Take due diligence seriously. Many 3PL providers are savvy marketers that have poorly integrated service offerings because they are the consolidated entities resulting from multiple acquisitions. They lack a unifying operational platform and standard business processes. It's important to carefully vet dimensions that many companies dismiss perfunctorily but that result in preventable downside risks. Key dimensions include level of service and process standardization, financial profile and strategic direction of the 3PL, information technology capability; management depth, history of performance and not promised results, and fit with corporate culture.

Phase 2—Implementation Process

Ensure support from senior management. Unlike simple outsourcing initiatives such as moving payroll to ADP, a 3PL migration touches fundamental business processes that impact employees across the organization. As a result, senior management support is critical to achieving business alignment and program traction. This can be accomplished by assigning a "C" level executive to champion the effort.

Establish clear service and performance expectations. Appraising 3PL performance has been one of the most arduous tasks and relationship strains in the 3PL industry. To counter the risk of a provider failing to meet expectations, it is critical that your company do three things. First, establish up-front goals on short- and long-term savings. Baseline costs should be calculated up front because savings can be difficult to compare once the 3PL operation starts. Second, establish a performance assessment index that spans dimensions of cost, productivity, quality, service and customer service. Metrics must be measurable, achievable and indicative of the few critical value-driving operations (see Figure 2). Third, set up a monitoring process that includes periodic reviews with the 3PL provider.

Create a detailed implementation roadmap. A 3PL outsourcing project is a major change management initiative affecting customers and many business processes. Among the many moving parts are headcount reduction, IT integration, process redesign and adapting to newly defined service and performance measures. A detailed implementation plan is necessary to keep the transition on schedule and within scope. The implementation team should have core members from both the 3PL provider and representatives from functions across the company.

Incorporate an exit strategy. Companies must plan for the contingency that the contract may need to be cancelled. Negotiations can break down with the 3PL midway through the implementation, or service promises can be disrupted by external shocks such as an acquisition of the 3PL provider. The best hedging strategy is to maintain relationships with several 3PL companies. Consider runners-up from the selection process as potential back-ups.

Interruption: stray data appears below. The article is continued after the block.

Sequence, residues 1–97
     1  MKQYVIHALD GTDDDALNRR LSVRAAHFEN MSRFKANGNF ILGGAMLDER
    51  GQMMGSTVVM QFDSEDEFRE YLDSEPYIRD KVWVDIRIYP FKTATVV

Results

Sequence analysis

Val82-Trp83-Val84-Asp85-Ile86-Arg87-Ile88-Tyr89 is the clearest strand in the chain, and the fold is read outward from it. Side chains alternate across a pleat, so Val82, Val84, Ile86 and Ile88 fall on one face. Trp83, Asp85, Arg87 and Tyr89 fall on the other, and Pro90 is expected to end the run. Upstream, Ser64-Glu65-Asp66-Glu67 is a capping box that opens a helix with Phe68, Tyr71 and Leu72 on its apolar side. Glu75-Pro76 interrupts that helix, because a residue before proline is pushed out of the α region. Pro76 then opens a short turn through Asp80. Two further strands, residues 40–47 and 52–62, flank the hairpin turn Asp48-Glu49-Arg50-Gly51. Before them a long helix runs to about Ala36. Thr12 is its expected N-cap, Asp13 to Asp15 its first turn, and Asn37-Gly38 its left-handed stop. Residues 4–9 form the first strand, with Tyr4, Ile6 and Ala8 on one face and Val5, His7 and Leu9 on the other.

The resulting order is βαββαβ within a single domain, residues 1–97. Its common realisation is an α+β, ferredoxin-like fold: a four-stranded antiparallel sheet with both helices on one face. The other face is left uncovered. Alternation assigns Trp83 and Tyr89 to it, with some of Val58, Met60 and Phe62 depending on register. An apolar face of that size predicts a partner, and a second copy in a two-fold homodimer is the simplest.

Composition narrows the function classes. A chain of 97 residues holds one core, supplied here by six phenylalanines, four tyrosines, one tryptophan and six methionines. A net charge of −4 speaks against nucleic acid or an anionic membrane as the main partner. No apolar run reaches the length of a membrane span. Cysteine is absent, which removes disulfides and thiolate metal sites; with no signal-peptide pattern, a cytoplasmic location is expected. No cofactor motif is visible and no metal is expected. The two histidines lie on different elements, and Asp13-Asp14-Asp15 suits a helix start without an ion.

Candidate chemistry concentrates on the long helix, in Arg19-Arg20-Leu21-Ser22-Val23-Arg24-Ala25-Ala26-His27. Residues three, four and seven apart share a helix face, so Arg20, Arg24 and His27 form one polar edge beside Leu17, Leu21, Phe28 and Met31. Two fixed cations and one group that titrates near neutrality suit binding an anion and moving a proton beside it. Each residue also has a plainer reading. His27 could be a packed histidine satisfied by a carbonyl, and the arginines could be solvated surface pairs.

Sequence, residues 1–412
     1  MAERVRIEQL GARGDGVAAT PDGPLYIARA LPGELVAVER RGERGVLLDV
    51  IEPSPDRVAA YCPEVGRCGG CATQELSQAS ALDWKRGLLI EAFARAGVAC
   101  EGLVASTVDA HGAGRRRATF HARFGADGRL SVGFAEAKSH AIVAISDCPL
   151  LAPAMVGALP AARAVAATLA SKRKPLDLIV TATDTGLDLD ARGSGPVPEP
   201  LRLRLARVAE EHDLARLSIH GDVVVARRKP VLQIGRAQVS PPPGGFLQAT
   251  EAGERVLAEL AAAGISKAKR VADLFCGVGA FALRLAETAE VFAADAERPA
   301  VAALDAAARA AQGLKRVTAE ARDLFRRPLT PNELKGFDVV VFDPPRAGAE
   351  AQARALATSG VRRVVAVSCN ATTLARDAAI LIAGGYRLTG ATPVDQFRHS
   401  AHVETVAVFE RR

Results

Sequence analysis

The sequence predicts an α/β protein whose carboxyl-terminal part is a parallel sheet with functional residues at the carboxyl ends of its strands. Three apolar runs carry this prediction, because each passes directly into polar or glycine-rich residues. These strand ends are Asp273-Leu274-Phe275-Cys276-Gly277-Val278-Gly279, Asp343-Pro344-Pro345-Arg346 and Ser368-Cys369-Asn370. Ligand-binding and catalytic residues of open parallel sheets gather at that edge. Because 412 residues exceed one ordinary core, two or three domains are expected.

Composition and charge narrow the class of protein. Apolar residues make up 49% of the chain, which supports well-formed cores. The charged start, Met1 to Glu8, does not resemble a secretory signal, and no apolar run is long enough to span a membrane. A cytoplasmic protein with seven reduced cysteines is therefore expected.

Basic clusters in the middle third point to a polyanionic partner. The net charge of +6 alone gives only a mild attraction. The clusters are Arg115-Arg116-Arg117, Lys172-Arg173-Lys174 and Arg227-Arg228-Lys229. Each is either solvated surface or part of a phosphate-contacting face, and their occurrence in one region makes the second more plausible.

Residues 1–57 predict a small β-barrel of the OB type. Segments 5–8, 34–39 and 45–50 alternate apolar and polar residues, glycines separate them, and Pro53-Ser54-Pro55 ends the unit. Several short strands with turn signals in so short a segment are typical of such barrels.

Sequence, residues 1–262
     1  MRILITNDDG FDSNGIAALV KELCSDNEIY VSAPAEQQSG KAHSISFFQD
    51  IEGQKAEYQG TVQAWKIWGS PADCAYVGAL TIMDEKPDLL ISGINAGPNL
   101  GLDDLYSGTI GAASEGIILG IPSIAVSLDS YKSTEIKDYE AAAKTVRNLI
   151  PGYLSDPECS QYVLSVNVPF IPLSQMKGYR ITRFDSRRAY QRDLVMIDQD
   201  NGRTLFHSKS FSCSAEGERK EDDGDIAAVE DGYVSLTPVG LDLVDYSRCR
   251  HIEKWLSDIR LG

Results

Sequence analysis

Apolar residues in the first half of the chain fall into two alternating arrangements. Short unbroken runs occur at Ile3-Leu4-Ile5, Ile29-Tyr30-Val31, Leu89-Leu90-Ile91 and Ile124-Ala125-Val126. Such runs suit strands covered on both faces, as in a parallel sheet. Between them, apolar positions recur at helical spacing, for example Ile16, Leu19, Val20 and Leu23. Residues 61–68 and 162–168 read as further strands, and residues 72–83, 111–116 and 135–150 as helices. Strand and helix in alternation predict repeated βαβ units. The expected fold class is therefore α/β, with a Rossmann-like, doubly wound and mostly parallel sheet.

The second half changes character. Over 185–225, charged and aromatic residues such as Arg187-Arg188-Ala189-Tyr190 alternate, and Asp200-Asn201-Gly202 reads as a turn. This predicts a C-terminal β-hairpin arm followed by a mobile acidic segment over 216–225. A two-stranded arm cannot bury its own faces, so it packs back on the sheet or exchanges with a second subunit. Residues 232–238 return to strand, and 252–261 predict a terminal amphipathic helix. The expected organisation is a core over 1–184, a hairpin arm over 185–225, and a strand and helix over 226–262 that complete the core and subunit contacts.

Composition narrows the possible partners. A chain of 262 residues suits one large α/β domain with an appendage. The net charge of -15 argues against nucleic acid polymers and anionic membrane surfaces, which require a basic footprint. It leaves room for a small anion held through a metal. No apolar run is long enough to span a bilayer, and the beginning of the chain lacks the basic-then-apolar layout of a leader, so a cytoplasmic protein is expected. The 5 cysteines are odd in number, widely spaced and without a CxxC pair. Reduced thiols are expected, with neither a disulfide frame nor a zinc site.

Phase 3—Relationship Management Process

Treat your 3PL as a long-term business partner. A successful 3PL relationship is a business partnership. The 3PL provider should be treated as an extension of the company's own business, not as just another vendor. As in a successful marriage, open and frequent communication is a key ingredient. High-performing companies often co-locate 3PL partners at their facilities and have 3PL providers participate in joint strategic planning sessions. Gain-sharing arrangements are another means of showing commitment to sharing risks and rewards of a 50-50 partnership.

Employ an evaluation framework to consistently monitor 3PL performance. A company must use the performance assessment index developed during the implementation phase to monitor 3PL performance. Regular performance evaluation meetings should be conducted. Practices such as "score carding" allow continuous improvements and longer-term strategic objectives to be achieved beyond one-time gains. A formal and frequent performance evaluation process also reveals under-performance before it can undermine the relationship.


3PL providers can offer real competitive advantages in cost efficiency, technology innovation, supply chain integration and market expansion. By understanding 3PL relationship dynamics and applying the best practices to selection, implementation and relationship management, midsized customers will be one step ahead of their competition.

Journal Date: 
Friday, December 1, 2006